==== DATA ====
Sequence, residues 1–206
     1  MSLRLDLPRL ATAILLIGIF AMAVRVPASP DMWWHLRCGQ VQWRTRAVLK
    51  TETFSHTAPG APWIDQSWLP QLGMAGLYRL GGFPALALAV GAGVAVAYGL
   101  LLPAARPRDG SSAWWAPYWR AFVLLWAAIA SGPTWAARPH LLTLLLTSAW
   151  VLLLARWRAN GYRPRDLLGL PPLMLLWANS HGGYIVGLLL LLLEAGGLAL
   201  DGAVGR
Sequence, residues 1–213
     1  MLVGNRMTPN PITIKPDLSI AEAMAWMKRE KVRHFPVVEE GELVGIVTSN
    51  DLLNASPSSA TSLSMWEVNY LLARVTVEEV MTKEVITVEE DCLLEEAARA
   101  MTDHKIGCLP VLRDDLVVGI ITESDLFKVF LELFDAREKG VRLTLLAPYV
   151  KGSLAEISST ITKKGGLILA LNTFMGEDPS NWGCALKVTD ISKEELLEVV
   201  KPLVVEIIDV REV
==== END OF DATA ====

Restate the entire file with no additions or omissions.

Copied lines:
Sequence, residues 1–206
     1  MSLRLDLPRL ATAILLIGIF AMAVRVPASP DMWWHLRCGQ VQWRTRAVLK
    51  TETFSHTAPG APWIDQSWLP QLGMAGLYRL GGFPALALAV GAGVAVAYGL
   101  LLPAARPRDG SSAWWAPYWR AFVLLWAAIA SGPTWAARPH LLTLLLTSAW
   151  VLLLARWRAN GYRPRDLLGL PPLMLLWANS HGGYIVGLLL LLLEAGGLAL
   201  DGAVGR
Sequence, residues 1–213
     1  MLVGNRMTPN PITIKPDLSI AEAMAWMKRE KVRHFPVVEE GELVGIVTSN
    51  DLLNASPSSA TSLSMWEVNY LLARVTVEEV MTKEVITVEE DCLLEEAARA
   101  MTDHKIGCLP VLRDDLVVGI ITESDLFKVF LELFDAREKG VRLTLLAPYV
   151  KGSLAEISST ITKKGGLILA LNTFMGEDPS NWGCALKVTD ISKEELLEVV
   201  KPLVVEIIDV REV